Economist David Foot famously claimed in his best-seller Boom, Bust & Echo that demographics explain two-thirds of everything. It appears that information technology is no exception.

The first of the baby boomer generation reached the age of 60 this year and, by 2016, most will be retired. For many, a growing worry is the potential skills gap that the boomers could leave in their wake. It’s a gap that’s of particul concern to banks, hospitals, governments and other organizations that still rely on the mainframe and legacy systems those boomers built 20, 30 or even 40 years ago.

“When there is an incoming skills deficit and another outgoing one looming at the top end from retirees, you have a recipe for a very serious problem,” said Stephen Ibaraki, vice-president of the Canadian Information Processing Society (CIPS).

For years we’ve been hearing about the imminent obsolescence of mainframe applications, but in most cases the costs and time required to migrate or de-commission them have been too high.

“Complexity is another factor,” said Dave Nikolejsin, chief information officer for the Province of British Columbia. “Conversely, everyone knows how risky it is to try to change out the systems that are running the whole business in one big project.”

Compounding the problem is the recent drop in university and college IT enrolment. “Theoretically, market forces should yield higher input into the funnel when demand at the output is high,” said Ibaraki. “This has not happened. IT demand is up to near record levels and salaries are amongst the highest in the overall workforce, but the feeder systems are down.”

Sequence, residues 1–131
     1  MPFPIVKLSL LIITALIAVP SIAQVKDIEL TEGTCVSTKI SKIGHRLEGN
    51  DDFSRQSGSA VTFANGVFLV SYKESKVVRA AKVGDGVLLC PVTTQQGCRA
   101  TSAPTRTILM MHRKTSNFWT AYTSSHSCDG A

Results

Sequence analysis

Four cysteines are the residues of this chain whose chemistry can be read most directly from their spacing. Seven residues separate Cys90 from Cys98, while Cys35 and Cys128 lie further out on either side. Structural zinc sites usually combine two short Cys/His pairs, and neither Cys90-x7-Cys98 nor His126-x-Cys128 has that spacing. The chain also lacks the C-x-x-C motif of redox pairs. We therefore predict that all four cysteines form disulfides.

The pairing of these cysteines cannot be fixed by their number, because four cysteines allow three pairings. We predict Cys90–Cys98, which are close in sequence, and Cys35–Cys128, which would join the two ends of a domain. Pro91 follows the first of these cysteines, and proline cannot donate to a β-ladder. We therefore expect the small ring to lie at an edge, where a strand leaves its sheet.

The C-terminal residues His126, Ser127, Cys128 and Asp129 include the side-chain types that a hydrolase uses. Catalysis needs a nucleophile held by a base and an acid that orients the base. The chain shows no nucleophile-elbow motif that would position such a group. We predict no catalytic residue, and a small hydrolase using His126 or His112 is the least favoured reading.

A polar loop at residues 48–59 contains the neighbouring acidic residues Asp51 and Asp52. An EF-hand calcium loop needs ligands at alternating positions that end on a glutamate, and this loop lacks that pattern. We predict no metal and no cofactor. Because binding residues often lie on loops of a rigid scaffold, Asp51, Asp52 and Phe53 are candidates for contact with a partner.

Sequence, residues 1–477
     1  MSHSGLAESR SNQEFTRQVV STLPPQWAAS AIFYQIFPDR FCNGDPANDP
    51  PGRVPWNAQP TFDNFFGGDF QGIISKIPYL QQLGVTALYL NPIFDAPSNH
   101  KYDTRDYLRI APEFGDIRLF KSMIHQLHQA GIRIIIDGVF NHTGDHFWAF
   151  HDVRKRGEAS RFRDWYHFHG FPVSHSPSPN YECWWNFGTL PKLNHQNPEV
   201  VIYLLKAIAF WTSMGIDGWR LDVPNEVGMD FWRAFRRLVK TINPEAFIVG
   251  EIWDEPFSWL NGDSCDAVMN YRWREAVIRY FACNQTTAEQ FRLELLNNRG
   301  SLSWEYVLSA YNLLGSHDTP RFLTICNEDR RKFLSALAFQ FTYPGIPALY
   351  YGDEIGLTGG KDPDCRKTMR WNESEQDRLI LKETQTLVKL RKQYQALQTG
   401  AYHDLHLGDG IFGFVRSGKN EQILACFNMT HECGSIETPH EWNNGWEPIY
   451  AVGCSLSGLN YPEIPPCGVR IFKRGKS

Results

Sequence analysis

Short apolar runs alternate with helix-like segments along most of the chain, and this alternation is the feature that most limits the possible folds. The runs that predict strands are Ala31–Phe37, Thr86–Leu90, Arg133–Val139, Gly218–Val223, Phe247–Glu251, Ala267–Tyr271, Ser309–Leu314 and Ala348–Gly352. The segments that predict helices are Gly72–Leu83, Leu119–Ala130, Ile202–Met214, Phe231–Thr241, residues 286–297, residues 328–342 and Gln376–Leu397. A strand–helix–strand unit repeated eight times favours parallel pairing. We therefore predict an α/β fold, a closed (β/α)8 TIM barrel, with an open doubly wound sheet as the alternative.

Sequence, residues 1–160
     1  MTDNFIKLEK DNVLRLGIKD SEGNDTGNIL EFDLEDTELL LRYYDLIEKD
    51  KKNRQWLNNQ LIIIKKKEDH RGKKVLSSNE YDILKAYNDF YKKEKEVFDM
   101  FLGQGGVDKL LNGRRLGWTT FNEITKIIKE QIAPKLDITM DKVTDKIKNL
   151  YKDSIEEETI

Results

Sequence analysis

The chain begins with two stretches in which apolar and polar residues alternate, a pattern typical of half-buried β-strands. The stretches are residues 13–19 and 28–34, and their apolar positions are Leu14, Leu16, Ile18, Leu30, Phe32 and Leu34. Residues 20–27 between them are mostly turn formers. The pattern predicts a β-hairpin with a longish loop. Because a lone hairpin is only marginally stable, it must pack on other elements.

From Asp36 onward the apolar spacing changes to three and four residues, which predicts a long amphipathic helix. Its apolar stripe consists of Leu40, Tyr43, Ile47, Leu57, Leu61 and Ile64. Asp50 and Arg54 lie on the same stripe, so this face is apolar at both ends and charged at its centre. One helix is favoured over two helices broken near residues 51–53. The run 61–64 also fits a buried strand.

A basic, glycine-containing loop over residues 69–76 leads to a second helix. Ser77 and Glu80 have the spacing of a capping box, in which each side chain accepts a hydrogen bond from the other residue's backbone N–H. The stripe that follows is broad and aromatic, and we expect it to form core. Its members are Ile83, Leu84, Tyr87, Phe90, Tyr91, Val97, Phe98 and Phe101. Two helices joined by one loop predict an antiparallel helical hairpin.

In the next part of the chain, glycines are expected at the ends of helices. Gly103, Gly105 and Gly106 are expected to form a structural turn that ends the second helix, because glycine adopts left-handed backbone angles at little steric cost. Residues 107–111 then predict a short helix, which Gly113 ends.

Ibaraki points to a number of reasons behind the drop in IT enrolment, chief among them the fallout from Y2K and the dot-com crash in creating negative perceptions about the profession.

But even if more people were enroling in IT programs, you wouldn’t find them learning about legacy technologies.

“Canadian university programs are not well suited to be a solution,” according to Mike Dover, vice-president of syndicated research at New Paradigm. “You could carefully review the syllabus at any of our universities without finding courses that address these specific skills,” he said.

Paul Swinwood, president of the Software Human Resource Council (SHRC), agrees. “I have already seen that this is a major problem for those trying to maintain legacy systems,” he said.

On the up side, it’s certainly a great time to be an expert in legacy systems. Where their roles have traditionally been looked upon as the grunt work of IT, simple market dynamics could make them the new IT heroes.

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